Like apes or wolves or ants, humans are cooperative creatures. Living and working alone are challenging things that can few can do throughout their lives, and if they do they’ll generally pay a big price. Even people who say they live without others needed others to even exist.
You can’t (currently) be born without parents (and even without those you’d need scientists). If all some guy in the bush has is a log cabin and an axe, he needed both the inventor of the axe and he would have needed to have seen someone else’s cabin to imagine one so he could build it. And even he will likely hit the local store when he needs some salt or tools. We’re all living on the backs of all of the other generations before us.
Our desire to be part of the safe and well-fed is ancient and natural. Anything else threaten death, hence the power of potential banishment and shunning that was noted in yesterday’s meditation. People naturally focus on being valuable enough and well-liked enough to maintain the security of the tribe. It’s like your brain’s primary directive, which is why you find being rejected so painful. It’s like someone saying, “We don’t think your genes needs to go any further than this.”
We can all easily think of the times it hurt to be rejected, but what about the times we did the hurting? What about group criticisms people joined in on on social media? What about a group of schoolgirls actually cooperating to cut another person out? What about having your support for one group lead you to even verbally attack the member of another group? What about you rejecting someone because someone more established in your group stopped dating them? Or what about even how you would have handled someone leaving the company you worked for?
Socially it’s a very common, modern experience to exclude someone if they get laid off or fired. Being fired can feel to others like it’s different because it’s “deserved,” but then we all have to ask ourselves how perfect we actually are. Getting fired for a genuine mistake is like being fired for being human. Certainly some things are blatant and need action, but sometimes it’s just that a decent manager and a good employee clash. And in the case of the layoff, generally the immediate boss and the person being laid off would rather not have participated at all.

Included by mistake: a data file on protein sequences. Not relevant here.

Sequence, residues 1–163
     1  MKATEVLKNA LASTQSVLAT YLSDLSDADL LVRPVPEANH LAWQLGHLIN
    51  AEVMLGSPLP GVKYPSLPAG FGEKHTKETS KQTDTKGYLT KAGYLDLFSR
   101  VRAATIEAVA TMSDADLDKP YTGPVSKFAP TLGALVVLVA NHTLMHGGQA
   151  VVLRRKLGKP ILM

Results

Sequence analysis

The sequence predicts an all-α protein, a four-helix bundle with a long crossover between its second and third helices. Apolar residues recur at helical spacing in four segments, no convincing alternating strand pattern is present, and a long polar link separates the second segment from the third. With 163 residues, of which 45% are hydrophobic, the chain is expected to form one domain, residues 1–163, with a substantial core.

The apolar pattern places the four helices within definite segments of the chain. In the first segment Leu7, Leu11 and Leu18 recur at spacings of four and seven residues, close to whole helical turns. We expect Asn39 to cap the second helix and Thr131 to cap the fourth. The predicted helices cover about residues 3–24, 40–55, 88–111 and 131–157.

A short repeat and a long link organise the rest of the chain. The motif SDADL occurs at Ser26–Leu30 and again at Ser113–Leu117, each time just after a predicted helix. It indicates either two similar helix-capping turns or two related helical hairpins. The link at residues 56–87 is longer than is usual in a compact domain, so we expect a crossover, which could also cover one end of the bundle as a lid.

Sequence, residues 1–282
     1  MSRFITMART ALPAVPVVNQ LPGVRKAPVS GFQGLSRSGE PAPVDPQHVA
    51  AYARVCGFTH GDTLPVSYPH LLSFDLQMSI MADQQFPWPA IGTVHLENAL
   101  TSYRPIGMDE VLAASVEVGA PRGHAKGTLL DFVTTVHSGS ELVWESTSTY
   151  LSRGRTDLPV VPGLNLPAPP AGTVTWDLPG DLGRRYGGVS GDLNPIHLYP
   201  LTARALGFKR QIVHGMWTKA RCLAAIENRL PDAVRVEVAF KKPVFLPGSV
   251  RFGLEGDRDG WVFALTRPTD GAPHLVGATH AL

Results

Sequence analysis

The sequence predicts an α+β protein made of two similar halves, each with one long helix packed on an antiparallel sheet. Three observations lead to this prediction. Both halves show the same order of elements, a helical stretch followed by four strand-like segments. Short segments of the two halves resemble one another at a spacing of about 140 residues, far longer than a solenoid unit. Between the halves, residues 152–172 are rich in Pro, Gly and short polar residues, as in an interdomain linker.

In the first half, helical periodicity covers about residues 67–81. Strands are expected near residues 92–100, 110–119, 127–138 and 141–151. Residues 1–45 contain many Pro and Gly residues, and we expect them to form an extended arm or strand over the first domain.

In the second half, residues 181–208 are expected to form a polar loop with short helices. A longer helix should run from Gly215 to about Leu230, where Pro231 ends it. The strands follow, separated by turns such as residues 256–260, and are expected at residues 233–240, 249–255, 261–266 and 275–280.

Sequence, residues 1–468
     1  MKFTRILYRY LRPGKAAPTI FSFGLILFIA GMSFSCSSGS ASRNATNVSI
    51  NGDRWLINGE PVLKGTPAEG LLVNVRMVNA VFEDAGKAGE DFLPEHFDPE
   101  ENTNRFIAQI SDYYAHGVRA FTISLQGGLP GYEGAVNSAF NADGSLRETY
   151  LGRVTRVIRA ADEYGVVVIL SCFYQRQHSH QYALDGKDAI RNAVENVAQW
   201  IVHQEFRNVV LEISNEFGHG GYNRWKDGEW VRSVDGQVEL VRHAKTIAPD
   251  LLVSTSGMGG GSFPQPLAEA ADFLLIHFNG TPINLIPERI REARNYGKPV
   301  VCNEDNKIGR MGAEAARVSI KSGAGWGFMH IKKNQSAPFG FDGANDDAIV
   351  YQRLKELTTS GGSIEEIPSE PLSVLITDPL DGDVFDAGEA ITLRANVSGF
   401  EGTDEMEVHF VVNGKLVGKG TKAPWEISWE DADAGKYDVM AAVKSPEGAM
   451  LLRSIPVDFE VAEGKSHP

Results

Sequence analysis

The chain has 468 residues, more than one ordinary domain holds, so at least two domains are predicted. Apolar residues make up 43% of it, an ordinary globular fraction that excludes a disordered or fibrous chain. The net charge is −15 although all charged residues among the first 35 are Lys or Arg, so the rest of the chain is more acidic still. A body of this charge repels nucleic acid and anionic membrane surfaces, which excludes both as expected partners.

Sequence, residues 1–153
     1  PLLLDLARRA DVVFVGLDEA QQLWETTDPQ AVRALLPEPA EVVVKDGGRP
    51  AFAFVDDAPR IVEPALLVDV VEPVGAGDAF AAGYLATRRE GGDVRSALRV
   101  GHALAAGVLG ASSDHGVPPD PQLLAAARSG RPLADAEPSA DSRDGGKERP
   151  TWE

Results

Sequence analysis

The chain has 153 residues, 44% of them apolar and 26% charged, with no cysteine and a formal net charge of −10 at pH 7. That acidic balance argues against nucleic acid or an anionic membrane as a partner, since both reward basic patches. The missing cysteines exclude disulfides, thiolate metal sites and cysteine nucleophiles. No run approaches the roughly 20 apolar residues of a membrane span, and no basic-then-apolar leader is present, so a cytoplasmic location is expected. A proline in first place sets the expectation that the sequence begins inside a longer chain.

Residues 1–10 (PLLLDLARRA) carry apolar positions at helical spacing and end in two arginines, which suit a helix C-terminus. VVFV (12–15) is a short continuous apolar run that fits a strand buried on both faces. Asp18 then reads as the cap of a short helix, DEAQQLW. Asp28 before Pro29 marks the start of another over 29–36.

Even though it’s in an office and everyone’s dressed nice, to your brain–which evolved for that other tribal, cooperative world–these are all examples of being shunned. We all have our family group, our friend group, and our work group. These are tribes we travel between and they often overlap.
Being removed from any of these groups will be among the most painful experiences of a person’s life. If you were aware, you’d know that from your own experience. Any time it happened to you it was a very particular kind of pain and you literally need to go through Kübler-Ross’s Five Stages of Grief (denial, anger, bargaining, depression, and acceptance). It’s extremely painful. A company I once worked for laid someone off and that lead very quickly to a particularly ugly suicide and no one in the company was the same afterward.
In today’s meditation, find an example of where your personal awkwardness about how to behave lead you to passively shun someone. Own it. Don’t make excuses, just make the connection between your choice and their pain. Connect the two in a direct fashion. This won’t be a pleasant meditation, but it will increase your empathy and natural self-centeredness.
If you do this meditation successfully–if you feel that pain and own that responsibility for your part in it–then it will be one of the fastest results you’ll ever get from a meditation. Because if you do it right, then your brain will understand that idea so well that you are very unlikely to go through the next similar experience without very naturally experiencing lower levels of ego and much greater levels of empathy, which will in turn drive you to more active compassion.
This is the kind of thing that would turn you into that one person that won’t be awkward with the former employee. You may not be able to get them back into your group, but your actions alone could change how hurt that person feels and how much they trust the world going forward. This is no small meditation. In small steps, it is these ones about our common human relations, that are the most valuable meditations you can do. For you and for them.
Scott McPherson is an Edmonton-based writer, public speaker, and mindfulness facilitator who works with individuals, companies and non-profit organisations locally and around the world.